Comparing Wuhan to Italy and New York

A portion of Park Avenue, between 28th Street and 34th Street closed to motorists to promote 'Social Distancing' amid Coronavirus(Covid-19) Pandemic on March 30, 2020.  (Photo by John Nacion/NurPhoto)
A portion of Park Avenue, between 28th Street and 34th Street closed to motorists to promote 'Social Distancing' amid Coronavirus(Covid-19) Pandemic on March 30, 2020. (Photo by John Nacion/NurPhoto via Getty Images)
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April 6, 2020 3:24 p.m.

There’s some very tentative information today that New York may be nearing the peak of its outbreak. I want to emphasize very tentative. If we go by the progression in the hardest hit countries in Europe, even if this is at or near the peak we are likely to see more days where numbers spike again. And I will finally say that there has been evidence of some numbers slowing over weekends. With all that, the number of fatalities in New York was lower yesterday and today than it was on Saturday when it hit 630. The number of new hospitalizations has also slowed while discharges have risen. There’s also some evidence of decline in new cases. But, as we’ve discussed, this can simply be an echo of testing constraints. We can finally note that before its revisions yesterday, the IHME COVID-19 model had predicted that New York would hit its peak on April 6th.

If this does turn out to be the plateau of the epidemic in New York I want to share some information about dates and how they compare with the remarkably consistent pattern from China and Italy.

To provide some context, let’s look at Italy where the epidemic has clearly crested, albeit maintaining itself still at a brutal level of more than five hundred fatalities per day.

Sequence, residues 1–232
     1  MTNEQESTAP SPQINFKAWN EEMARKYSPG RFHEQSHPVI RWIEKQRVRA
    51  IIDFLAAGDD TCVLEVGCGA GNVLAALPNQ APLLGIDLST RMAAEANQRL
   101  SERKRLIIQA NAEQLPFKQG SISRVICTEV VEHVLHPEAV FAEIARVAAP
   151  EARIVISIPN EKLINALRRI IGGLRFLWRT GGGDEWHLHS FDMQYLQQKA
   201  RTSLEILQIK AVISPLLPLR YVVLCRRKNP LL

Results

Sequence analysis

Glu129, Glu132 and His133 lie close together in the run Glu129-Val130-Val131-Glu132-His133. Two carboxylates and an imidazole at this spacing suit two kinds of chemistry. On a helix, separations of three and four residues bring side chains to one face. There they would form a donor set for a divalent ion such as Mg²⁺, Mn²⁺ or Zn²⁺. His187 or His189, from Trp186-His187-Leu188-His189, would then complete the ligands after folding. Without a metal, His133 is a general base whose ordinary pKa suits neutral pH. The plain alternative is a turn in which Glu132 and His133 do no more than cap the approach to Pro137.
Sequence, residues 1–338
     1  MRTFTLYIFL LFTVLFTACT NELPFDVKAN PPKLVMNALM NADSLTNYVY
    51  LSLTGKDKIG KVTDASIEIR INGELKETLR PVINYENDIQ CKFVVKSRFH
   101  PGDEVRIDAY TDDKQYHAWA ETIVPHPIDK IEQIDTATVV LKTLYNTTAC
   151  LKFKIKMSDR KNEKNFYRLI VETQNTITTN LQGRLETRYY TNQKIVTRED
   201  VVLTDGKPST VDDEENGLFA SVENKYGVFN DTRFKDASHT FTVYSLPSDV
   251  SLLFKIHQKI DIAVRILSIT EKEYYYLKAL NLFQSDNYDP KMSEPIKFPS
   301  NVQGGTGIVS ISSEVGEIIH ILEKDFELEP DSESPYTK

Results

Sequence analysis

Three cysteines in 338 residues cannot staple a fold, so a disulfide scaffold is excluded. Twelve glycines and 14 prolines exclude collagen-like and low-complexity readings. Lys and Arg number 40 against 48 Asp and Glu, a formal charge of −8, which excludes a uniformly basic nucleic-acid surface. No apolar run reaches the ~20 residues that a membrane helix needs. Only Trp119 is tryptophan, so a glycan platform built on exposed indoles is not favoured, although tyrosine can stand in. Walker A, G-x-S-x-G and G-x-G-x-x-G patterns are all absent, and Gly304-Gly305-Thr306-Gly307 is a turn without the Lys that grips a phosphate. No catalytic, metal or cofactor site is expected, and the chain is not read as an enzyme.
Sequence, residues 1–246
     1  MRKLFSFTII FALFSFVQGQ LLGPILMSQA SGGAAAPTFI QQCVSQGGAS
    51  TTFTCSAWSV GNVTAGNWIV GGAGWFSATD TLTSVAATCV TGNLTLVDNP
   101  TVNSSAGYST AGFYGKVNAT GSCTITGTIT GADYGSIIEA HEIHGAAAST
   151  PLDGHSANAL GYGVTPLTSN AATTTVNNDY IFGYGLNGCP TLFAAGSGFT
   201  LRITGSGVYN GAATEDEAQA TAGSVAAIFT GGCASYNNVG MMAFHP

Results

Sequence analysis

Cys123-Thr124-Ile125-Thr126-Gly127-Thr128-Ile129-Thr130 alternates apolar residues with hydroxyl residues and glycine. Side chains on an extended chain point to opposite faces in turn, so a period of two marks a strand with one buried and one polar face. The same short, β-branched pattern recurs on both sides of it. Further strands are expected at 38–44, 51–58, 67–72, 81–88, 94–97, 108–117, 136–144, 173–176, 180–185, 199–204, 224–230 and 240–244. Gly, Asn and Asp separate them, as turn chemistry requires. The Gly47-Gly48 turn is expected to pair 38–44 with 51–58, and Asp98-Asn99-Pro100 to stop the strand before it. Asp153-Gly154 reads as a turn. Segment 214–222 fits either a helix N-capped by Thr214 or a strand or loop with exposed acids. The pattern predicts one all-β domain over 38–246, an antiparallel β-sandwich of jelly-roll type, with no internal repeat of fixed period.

We can now see that Italy’s reported fatalities peaked on March 27th when 919 people died from the disease. Italy shutdown with a rolling series of actions from March 8th-10th. The lockdown in Lombardy was announced on March 8th. So there were 19 days from the imposition of dramatic social distancing/lockdown and the peak of fatalities. Notably, this is very close to the pattern in Wuhan, China, where there were 20 days between the lockdown of the city of Wuhan on January 23rd and the mortality peak on February 12th. (There were slightly more fatalities recorded on February 23rd. But that was because of a change in manner of diagnosis.) The two regions were also one day apart on peak reported infections.

If April 4th does to turn out to be the peak of daily fatalities in New York, 19 days before would be Monday, March 16th. So let’s look at what was happening on that and surrounding days. That was the first day of school closures in New York City and one day after Mayor Bill DeBlasio announced the closure on March 15th. As we noted at the time, we saw anecdotal accounts from around the country that school closures – whatever their impact directly – were the key social signal of crisis and a dramatic change in behavior in cities and regions around the country.

Gov. Cuomo’s “pause” (New York’s version of shelter in place) was announced on March 20th and went fully into effect on the 22nd. So that is another key date.

We can also see the progress of the lockdown of New York City, the epicenter of the outbreak from daily subway ridership, which fell from 91% to 24% of normal ridership over the second and third weeks of the month.

Let me reiterate that we don’t know New York is at its peak. But we are seeing some evidence of it. The remarkable overlap of lockdown to peak fatalities and infections in Italy and China is also important for understanding the duration of outbreaks in other regions.

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